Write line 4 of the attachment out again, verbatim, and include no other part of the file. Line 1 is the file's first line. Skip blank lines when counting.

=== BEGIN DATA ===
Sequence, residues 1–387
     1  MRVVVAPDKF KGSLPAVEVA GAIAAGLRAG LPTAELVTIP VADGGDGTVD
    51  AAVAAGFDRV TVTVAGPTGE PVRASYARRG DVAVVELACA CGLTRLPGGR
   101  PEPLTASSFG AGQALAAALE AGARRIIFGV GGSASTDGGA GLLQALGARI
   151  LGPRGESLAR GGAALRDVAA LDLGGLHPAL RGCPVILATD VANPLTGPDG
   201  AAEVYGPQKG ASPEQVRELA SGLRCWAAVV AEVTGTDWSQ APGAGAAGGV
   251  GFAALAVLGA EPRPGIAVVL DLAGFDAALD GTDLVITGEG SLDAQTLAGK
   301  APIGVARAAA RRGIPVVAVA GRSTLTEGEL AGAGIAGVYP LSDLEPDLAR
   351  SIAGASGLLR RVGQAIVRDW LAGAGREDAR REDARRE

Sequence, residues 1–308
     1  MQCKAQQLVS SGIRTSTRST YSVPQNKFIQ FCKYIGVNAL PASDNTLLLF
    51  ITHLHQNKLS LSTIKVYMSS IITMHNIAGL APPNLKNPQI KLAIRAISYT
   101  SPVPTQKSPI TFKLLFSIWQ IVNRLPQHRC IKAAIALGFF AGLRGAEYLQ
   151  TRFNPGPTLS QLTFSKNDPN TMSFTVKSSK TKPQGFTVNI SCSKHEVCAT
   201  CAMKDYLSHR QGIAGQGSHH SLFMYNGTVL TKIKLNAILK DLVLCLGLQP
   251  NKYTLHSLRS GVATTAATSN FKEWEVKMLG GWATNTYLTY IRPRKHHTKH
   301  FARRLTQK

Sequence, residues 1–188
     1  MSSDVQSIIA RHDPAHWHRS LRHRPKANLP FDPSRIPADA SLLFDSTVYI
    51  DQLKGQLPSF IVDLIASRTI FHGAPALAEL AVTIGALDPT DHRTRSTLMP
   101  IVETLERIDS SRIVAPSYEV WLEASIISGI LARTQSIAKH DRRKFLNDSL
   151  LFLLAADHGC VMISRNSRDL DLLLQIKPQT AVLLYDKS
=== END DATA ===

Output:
   101  PEPLTASSFG AGQALAAALE AGARRIIFGV GGSASTDGGA GLLQALGARI